As debt-laden European countries, specifically those in the peripheral region strengthen to recovery, distressed asset investments are bearing fruit in the region. Credit Suisse Hedge Fund Index has netted a 7.03% YTD, whereas the Distressed index has gained close to double in the same period. The sub-strategy is up 12.05% YTD after adding a 1.5% return in October.

As we have noted on several previous instances, hedge funds have been grabbing any available assets, which are at times highly risky. The alternative lending space where traditional lenders like banks have moved out, is particularly popular among such investors. Hedge funds also aggressively participated in the restructuring and privatization of European companies. Seth Klarman’s Baupost Group, Canyon Capital and others are profiting these days from positions established years ago and remain on the lookout for new investments.

Howard Marks is biggest distressed debt investor

The 12% return of an average distressed asset investor has outperformed all major bond indices. Credit Suisse Leverage Loan Index has gained 5.09% through the end of October whereas Barclays High Yield Corporate Bond Index has gained 6.33% over the same period.

Howard Marks’ Oaktree Capital Group LLC (NYSE:OAK) has several billion dollars invested in the European distressed credit space. However his experience has not been as favorable as other investors. Oaktree Capital Group manages $80 billion in assets.

While speaking on Bloomberg TV, Marks said that flight to riskier assets has driven up prices, which has made it harder to find investing opportunities at attractive levels. OakTree is now targeting a 15% return in the distressed debt holdings, as opposed to an earlier expectation of +30% return. Regarding fewer opportunities, Marks said,

[drizzle]“My general observation is that private assets are cheaper than public assets. Money has flowed into public assets classes and institutional and have driven prices up. These are easily accessed, they are volatile as a result, ETFs you can get in any way you want. If I say you should invest in non-prime real estate, that is much harder to access and that is what OakTree is investing in.”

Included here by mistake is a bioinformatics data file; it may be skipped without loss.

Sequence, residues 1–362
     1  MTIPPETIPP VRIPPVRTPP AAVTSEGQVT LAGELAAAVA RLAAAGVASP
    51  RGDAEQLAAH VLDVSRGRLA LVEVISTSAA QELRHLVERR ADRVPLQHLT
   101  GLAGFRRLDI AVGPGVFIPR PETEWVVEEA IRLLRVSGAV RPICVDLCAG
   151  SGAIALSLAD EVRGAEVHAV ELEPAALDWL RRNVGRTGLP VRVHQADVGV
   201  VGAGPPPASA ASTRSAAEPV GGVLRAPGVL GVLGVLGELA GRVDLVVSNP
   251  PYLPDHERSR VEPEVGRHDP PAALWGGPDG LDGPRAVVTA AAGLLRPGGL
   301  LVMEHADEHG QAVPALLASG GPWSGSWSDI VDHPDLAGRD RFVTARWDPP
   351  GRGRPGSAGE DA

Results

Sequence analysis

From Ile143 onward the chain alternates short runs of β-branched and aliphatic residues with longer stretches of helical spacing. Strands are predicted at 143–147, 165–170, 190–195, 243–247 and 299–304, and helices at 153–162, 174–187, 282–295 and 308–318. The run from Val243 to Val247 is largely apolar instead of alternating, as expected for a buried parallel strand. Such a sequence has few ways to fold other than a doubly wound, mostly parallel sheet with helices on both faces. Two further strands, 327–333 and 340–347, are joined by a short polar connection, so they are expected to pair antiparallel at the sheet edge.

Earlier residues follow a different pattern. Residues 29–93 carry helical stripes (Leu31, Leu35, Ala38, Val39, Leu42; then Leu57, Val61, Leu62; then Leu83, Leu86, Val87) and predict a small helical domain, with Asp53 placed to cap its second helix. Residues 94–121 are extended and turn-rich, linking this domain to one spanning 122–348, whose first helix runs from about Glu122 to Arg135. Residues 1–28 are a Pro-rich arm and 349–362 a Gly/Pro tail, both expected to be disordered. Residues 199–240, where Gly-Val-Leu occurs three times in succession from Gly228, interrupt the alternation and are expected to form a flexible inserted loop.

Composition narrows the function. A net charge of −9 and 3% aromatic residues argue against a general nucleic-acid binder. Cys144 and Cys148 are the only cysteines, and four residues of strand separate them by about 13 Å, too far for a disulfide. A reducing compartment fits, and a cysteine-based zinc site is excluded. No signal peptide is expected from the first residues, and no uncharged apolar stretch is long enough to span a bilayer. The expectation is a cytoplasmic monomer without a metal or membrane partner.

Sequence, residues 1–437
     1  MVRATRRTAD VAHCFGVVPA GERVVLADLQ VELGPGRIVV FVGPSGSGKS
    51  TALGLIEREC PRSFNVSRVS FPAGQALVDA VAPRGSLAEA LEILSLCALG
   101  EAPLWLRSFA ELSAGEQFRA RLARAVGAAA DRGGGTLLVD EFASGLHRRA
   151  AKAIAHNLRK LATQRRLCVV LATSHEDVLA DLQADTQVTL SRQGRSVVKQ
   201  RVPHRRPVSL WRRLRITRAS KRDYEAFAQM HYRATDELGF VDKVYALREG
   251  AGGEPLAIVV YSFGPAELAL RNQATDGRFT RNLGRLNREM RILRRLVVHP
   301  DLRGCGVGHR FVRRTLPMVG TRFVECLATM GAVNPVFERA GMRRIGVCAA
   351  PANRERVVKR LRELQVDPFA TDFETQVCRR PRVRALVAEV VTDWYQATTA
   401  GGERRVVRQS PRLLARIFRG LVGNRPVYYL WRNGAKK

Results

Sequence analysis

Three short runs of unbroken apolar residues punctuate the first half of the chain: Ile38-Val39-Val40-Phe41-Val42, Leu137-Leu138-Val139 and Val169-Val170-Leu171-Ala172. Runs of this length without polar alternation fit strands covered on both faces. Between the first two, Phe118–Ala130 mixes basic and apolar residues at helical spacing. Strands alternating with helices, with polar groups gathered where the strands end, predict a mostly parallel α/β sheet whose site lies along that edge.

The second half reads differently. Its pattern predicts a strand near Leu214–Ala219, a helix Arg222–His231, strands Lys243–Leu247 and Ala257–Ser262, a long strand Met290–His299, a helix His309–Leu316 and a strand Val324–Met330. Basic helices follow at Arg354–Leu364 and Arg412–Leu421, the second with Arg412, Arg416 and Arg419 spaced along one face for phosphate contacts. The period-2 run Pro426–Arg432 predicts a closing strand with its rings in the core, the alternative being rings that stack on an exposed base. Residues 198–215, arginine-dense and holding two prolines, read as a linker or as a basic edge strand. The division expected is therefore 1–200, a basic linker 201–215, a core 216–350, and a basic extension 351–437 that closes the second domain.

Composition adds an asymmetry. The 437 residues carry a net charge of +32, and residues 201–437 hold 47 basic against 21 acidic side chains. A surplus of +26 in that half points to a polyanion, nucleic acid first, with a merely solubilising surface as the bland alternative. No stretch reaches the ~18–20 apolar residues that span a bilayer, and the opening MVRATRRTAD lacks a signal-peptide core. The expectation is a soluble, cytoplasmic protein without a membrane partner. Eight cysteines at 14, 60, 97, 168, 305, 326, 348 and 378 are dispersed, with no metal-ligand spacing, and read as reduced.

Canyon Value fund up in October

Mitchell Julis and Joshua Friedman have been profiting on their bets in Europe this year and their credit focused approach is particularly working well in the distressed debt area. The Canyon Value Realization Fund rose another 1.8% in October, pushing up the total return to +13.55%.

According to the monthly investor letter, a copy of which was obtained by ValueWalk, the fund managers reiterate that their strategy does not focus on traditional high yield assets that carry a lot of risk. However October proved to be a great month for risk-on bets. The after effects of no-taper cemented in and investors chose high yield ETFs as spreads fell to the lower levels. CVRF again outperformed all relevant bond indices in October, notwithstanding the massive inflows that the risky assets swept it.

Distressed credit is returning hot numbers

Among other distressed credit funds, the $11 billion King Street Capital gained 1% in October, which is now up 9.6% for the year. Paulson Credit Opportunities gained 1.8%, pushing up the YTD gain to 15.5%.

U.S-based Monarch Capital has returned 13.4% to the end of third quarter in its Debt Recovery Fund. The fund has invested in several recovery trades in Europe and manages $1.4 billion.

Davidson Kempner’s Distressed Opportunities Fund rose 2.2% in October, bringing the year to date gain to 18.3%. The fund manages nearly $900 million. Another distressed debt investor, Jon Bauer, recorded a 2.14% return in Contrarian Capital Fund I in October, which invests in several European opportunities.

Jonathan Kolatch’s Redwood Offshore Fund is also a winner in the credit space, the $3.1 billion fund recorded a 2.4% return in October, bringing up the year to date gain to +13.8%.